I grew up in a family where we would sometimes take a vote, and then Dad would decide. Dad had some respect for the idea of a ‘majority’ or a ‘consensus’, but I can’t remember ever worrying too much about trying to convince my siblings to vote with me.
As a scientist working for government, and later in a management position with the Queensland sugar industry, my colleagues used to try and impress upon me the importance of “having the numbers” and what the “consensus” position was.
But I’ve always been less interested in who has the numbers at any particular point in time, and more interested in the argument. I’ve always believed that a solid logical argument should eventually win the day.
The other day I was sent a link to a piece by Terence Corcoran from the Financial Post in Canada titled ‘Climate Consensus and the End of Science’. It began with comment that:
“It is now firmly established, repeated ad nauseam in the media and elsewhere, that the debate over global warming has been settled by scientific consensus. The subject is closed. It seems unnecessary to labour the point, but here are a couple of typical statements: “The scientific consensus is clear: human-caused climate change is happening” (David Suzuki Foundation); “There is overwhelming scientific consensus” that greenhouse gases emitted by man cause global temperatures to rise (Mother Jones).
Back when modern science was born, the battle between consensus and new science worked the other way around. More often than not, the consensus of the time — dictated by religion, prejudice, mysticism and wild speculation, false premises — was wrong. The role of science, from Galileo to Newton and through the centuries, has been to debunk the consensus and move us forward. But now science has been stripped of its basis in experiment, knowledge, reason and the scientific method and made subject to the consensus created by politics and bureaucrats.”
The piece is interesting, it does correctly emphasis the extent to which the word ‘consensus’ is repeated invoked with the word ‘science’ and ‘climate change’ to justify support for the concept of anthropogenic global warming (AGW).
Terence Corcoran’s piece might have been improved with some reference to two well know philosophers of science, Karl Popper and Thomas Kuhn.
Popper had no time for consensus, for him science was advanced through ‘falsification’:
“Logically, no number of positive outcomes at the level of experimental testing can confirm a scientific theory, but a single genuine counter-instance is logically decisive: it shows the theory, from which the implication is derived, to be false. Popper’s account of the logical asymmetry between verification and falsification lies at the heart of his philosophy of science. It also inspired him to take falsifiability as his criterion of demarcation between what is and is not genuinely scientific: a theory should be considered scientific if and only if it is falsifiable.”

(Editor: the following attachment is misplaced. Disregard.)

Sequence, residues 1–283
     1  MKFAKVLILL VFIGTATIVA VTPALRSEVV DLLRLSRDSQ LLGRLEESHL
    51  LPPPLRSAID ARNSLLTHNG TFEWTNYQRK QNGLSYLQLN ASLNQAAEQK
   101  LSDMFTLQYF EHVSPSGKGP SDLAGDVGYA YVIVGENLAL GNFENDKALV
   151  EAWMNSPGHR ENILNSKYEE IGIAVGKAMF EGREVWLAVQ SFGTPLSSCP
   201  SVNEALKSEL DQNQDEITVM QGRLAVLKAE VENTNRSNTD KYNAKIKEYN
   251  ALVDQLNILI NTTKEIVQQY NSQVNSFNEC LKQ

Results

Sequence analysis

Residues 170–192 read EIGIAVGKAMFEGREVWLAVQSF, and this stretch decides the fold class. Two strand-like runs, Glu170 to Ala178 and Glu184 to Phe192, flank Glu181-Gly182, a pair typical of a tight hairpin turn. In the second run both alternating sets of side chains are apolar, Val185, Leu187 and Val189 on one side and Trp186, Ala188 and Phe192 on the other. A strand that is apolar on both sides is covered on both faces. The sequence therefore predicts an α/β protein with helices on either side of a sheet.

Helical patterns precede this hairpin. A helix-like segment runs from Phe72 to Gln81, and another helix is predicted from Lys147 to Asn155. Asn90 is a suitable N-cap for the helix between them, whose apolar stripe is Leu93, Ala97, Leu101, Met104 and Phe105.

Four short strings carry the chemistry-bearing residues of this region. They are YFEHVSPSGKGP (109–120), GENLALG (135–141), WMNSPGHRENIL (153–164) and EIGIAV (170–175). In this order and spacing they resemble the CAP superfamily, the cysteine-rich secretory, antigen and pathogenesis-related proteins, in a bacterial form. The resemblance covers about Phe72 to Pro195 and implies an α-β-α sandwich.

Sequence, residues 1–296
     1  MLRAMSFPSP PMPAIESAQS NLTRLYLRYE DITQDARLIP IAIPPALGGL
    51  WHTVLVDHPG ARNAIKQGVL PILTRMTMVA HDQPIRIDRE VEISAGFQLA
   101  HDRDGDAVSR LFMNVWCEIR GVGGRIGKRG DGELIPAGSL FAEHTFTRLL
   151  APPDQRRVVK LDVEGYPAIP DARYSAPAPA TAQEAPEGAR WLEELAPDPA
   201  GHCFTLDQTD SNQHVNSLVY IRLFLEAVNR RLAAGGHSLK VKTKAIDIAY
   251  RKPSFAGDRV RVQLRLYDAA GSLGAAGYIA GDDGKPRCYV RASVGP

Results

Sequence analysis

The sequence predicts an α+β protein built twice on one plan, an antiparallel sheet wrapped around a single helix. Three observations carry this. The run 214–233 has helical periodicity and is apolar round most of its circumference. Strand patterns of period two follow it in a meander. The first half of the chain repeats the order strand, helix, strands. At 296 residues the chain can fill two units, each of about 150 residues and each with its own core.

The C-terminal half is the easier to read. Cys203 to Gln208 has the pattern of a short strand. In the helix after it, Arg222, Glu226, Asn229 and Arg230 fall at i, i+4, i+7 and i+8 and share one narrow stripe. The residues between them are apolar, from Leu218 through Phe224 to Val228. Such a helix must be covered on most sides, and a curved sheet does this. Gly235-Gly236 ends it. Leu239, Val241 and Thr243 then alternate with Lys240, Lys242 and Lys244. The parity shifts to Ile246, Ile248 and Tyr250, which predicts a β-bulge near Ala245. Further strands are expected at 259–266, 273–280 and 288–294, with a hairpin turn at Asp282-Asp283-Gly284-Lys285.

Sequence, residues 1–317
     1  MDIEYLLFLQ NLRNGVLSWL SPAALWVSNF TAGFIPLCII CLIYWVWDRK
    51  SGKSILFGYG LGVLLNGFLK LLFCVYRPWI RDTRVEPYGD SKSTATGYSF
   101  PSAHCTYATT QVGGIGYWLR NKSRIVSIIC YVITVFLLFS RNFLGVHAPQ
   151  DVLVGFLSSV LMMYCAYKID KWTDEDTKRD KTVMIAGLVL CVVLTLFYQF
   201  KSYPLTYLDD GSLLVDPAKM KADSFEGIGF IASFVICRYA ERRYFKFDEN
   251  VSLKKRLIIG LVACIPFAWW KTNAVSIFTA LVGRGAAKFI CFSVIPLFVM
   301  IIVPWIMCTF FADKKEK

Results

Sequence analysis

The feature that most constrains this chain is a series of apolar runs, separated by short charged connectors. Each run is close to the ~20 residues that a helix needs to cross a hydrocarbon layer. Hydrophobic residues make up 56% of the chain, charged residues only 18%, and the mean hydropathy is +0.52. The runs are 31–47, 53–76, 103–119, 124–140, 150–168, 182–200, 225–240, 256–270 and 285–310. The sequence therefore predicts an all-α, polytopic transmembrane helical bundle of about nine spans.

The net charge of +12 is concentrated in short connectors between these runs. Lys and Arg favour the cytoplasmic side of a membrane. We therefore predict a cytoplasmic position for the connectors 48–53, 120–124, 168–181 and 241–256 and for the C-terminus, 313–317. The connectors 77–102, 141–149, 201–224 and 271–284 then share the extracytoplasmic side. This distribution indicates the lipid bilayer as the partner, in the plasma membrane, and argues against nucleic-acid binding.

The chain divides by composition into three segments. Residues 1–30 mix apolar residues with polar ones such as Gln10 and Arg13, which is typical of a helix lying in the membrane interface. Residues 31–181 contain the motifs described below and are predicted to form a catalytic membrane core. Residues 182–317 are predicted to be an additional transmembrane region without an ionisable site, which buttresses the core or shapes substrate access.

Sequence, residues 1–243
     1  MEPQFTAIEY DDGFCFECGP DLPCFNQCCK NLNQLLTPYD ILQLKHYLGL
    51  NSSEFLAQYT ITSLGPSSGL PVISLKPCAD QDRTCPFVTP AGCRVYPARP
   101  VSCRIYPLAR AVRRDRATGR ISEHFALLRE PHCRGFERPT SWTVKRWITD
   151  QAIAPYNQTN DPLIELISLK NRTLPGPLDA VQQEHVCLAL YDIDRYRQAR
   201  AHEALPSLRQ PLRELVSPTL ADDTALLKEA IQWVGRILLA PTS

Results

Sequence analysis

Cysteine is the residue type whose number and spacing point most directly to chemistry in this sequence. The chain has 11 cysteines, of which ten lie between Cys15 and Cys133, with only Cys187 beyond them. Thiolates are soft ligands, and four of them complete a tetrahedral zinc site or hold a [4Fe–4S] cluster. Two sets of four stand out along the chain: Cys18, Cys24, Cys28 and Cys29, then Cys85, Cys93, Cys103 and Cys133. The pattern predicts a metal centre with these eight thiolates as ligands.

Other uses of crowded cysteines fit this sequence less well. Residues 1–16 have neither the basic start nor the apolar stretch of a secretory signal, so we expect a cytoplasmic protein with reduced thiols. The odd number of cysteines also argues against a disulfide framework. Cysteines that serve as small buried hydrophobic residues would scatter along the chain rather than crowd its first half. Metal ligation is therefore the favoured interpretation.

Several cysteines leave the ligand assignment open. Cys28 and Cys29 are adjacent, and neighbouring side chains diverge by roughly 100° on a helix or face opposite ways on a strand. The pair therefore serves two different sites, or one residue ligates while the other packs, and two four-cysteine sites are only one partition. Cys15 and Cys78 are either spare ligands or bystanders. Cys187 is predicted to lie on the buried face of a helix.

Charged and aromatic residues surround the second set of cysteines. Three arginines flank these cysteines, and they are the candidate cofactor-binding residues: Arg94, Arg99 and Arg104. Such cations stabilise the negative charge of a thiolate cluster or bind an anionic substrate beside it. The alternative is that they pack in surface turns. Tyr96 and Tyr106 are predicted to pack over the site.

[from Wikipedia, click here].
Yet so many ‘global warming believer’ complain when ‘skeptics’ present bits of information that don’t necessarily accord with the rhetoric. They might accuse the skeptic of ‘cherry picking’. But if you believe in Popper and falsification, what’s wrong with cherry picking to disprove the general applicability of a theory?
In contrast, Thomas Kuhn would perhaps see the current preoccupation with having a scientific consensus as normal:
“Thomas Kuhn … argued instead that experimental data always provide some data which cannot fit completely into a theory, and that falsification alone did not result in scientific change or an undermining of scientific consensus. He proposed that scientific consensus worked in the form of “paradigms”, which were interconnected theories and underlying assumptions about the nature of the theory itself which connected various researchers in a given field. Kuhn argued that only after the accumulation of many “significant” anomalies would scientific consensus enter a period of “crisis”. At this point, new theories would be sought out, and eventually one paradigm would triumph over the old one — a cycle of paradigm shifts rather than a linear progression towards truth. Kuhn’s model also emphasized more clearly the social and personal aspects of theory change, demonstrating through historical examples that scientific consensus was never truly a matter of pure logic or pure facts.”
[from Wikipedia, click here]
So according to Kuhn the current preoccupation with a ‘scientific consensus’ on climate change is not necessarily novel and contrary to Terence Corcoran’s ascertains it doesn’t necessarily mean “the end of science”.